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MOHAWK VALLEY COMMUNITY COLLEGE
Center for Life & Health Sciences
Allied Health
Spring, 2017
Course Outline
Course Name: Radiation Biology II
Course Number: RT 204
Pre-requisites: RT 101, RT 109
Co-requisites: RT 203, RT 205, RT 207
C- 2
P-0
CRN# 28569
Cr.2
Course Description: This course is the second in a two semester sequence in Radiation Biology,
Topics include radiation effects on organ systems, somatic and genetic damage factors, mutagens
responsible for genetic mutations, the doubling dose concept, acute radiation syndromes,
embryologic effects during pregnancy, and occupational and non-occupational dose limits.
Additional instruction is provided on safety and regulation issues.
Student Learning Outcomes:
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Explain the importance of luminance of the collimator light source, state the
requirements for good coincidence between the radiographic beam and the
localizing light beam when a variable rectangular collimator is used, and explain
the function of the collimator’s positive beam limitation (PBL) feature.
Explain the function of x-ray beam filtration in diagnostic radiology, list two types
of filtration used to adequately filter the beam, describe half-value layer (HVL),
and give examples of HVLs required for selective peak kilovoltages.
Explain the significance of exposure reproducibility and exposure linearity.
Identify the minimal source-skin distance (SSD) that must be used for mobile
radiography to ensure patient safety, and state the reason for this minimal SSD
requirement.
Explain how patient exposure may be reduced during routine fluoroscopic
procedures, C-arm fluoroscopic procedures, high-dose (high-level-control [HLC])
fluoroscopy interventional procedures, cineradiographic procedures, and digital
fluoroscopic procedures.
Explain the concept of genetically significant dose (GSD).
State the annual occupational effective dose limit for whole-body exposure of
diagnostic imaging personnel during routine operations, and explain the
significance of the ALARA (as low as reasonably achievable) concept for these
individuals.
Explain the various methods and devices that may be used to reduce the
radiographer’s exposure during a mobile radiographic examination.
Explain the variation in dose rate caused by scatter radiation near the entrance and
exit surfaces of the patient during C-arm fluoroscopy, and discuss methods of dose
reduction for C-arm operators.
Describe methods used to provide patient restraint during a diagnostic x-ray
procedure, and identify individuals who might use them.
List the three categories of radiation sources that may be generated in an x-ray
room; list the considerations on which the design of radiation-absorbent barriers
should be based; and explain the importance of each.
Differentiate between a controlled area and an uncontrolled are
Major Topics:
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Basis of effective dose limiting system
Radiation protection standards organizations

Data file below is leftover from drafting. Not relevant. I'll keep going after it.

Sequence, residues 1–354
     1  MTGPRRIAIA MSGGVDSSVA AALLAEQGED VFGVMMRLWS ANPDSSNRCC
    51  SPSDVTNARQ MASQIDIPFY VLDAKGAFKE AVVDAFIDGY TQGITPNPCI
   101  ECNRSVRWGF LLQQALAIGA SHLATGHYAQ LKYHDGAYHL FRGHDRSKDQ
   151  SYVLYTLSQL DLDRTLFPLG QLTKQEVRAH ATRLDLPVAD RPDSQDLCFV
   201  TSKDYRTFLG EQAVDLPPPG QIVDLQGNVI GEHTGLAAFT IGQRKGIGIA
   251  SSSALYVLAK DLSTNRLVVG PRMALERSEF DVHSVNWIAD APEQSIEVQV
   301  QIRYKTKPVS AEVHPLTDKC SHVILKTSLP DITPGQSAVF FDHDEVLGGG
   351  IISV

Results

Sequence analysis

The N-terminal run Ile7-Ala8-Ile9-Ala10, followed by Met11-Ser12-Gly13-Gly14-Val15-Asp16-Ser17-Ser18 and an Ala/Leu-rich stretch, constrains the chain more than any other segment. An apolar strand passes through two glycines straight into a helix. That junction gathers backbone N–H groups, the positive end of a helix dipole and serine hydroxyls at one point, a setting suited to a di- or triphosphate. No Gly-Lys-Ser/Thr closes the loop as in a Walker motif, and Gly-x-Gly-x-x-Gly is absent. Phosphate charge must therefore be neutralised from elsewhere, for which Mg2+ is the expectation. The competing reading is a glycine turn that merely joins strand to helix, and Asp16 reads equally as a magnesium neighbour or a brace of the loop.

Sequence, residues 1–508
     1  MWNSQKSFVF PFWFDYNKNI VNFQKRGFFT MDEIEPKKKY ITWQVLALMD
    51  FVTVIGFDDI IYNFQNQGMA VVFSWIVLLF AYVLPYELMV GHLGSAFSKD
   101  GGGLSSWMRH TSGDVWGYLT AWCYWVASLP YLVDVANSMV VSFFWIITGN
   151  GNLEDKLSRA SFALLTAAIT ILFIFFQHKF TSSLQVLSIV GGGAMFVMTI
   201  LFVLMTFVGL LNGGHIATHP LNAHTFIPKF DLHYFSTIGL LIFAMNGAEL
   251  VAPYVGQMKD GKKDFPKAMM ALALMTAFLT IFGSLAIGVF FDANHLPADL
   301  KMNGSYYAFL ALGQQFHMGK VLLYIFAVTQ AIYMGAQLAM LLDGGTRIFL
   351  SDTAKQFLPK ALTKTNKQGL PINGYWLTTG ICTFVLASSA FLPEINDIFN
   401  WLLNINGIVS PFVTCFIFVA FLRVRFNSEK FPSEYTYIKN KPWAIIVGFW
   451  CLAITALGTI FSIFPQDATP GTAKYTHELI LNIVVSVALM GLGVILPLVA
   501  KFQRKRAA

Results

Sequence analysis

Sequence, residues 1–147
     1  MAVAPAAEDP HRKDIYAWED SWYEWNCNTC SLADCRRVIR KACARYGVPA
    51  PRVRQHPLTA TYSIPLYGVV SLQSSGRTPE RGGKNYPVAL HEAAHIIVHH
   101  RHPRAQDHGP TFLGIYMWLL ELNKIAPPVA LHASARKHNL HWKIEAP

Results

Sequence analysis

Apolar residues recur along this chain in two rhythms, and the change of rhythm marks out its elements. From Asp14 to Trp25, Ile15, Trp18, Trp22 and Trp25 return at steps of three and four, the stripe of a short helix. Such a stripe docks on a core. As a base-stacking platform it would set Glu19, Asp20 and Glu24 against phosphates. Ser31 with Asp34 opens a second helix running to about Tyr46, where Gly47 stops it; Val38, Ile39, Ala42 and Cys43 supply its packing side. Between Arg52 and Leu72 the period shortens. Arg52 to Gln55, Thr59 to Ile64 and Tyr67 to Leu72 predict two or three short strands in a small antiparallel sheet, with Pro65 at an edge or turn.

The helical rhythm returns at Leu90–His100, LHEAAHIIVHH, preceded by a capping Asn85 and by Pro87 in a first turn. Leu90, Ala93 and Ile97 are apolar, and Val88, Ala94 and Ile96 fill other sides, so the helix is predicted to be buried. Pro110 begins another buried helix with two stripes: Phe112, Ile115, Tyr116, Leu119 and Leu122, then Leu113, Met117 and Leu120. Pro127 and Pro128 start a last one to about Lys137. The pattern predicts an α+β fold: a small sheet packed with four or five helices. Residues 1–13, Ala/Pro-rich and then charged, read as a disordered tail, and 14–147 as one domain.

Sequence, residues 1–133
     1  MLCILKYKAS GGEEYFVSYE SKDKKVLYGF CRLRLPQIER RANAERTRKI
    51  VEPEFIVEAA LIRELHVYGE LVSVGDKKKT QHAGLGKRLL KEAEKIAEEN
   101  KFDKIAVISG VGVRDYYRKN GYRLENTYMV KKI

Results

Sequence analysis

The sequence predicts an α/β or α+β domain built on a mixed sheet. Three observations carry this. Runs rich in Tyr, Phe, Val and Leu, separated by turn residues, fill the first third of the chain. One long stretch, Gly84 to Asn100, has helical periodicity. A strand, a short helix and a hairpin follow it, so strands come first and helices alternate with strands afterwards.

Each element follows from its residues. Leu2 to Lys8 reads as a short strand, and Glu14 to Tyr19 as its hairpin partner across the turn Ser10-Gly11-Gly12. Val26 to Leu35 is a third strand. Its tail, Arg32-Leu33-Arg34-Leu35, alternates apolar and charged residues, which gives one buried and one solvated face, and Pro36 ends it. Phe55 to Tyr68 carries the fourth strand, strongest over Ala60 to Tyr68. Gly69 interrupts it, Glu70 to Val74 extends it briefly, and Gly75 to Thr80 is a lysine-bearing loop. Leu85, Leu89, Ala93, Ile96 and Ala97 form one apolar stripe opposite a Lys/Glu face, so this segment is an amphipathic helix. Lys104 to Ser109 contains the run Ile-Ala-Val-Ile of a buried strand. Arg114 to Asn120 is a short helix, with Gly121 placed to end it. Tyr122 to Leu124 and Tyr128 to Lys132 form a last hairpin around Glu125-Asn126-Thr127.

U.S. regulatory agencies
Radiation safety program
Radiation Control for Health and Safety Act of 1968
ALARA concept
Consumer-Patient Radiation Health and Safety Act of 1981
Goal for radiation protection
Radiation-induced responses of concern in radiation protection
Objectives of radiation protection
Current radiation protection philosophy
Risk
Basis for the effective dose limiting system
Current National Council on Radiation Protection and Measurements recommendations
Action limits
Radiation hormesis
Occupational and nonoccupational dose limits
Radiation safety features of radiographic equipment, devices, and accessories
Radiation safety features of digital imaging equipment, devices, and accessories
Radiation safety features of fluoroscopic equipment, devices, and accessories
Radiation safety features of mobile c-arm fluoroscopy equipment, devices, and accessories
Radiation safety features of cinefluorography equipment, devices, and accessories
Radiation safety features of digital fluoroscopy equipment, devices, and accessories
Radiation safety for high-level control interventional procedures Effective communication
Immobilization
Protective shielding
Technical exposure factors
Processing of the radiographic image
Air gap technique
Repeat images
Unnecessary radiologic procedures
Amount of radiation received by patients undergoing diagnostic imaging procedures
The pregnant patient
Other diagnostic examinations and imaging modalities
Pediatric considerations during conventional x-ray imaging
Protecting the pregnant or potentially pregnant patient
Annual limit for occupationally exposed personnel
ALARA concept
Dose-reduction methods and techniques
Protection for pregnant personnel
Basic principles of radiation protection for personnel exposure reduction
Diagnostic-type protective tube housing
Protection during fluoroscopic procedures
Protection during mobile radiographic examinations
Protection during C-arm fluoroscopy
Protection during high-level-control interventional procedures
Patient restraint
Doors to x-ray rooms
Diagnostic x-ray suite
Protection design
Posting caution signs for radioactive materials and radiation areas
MKL
1/17/17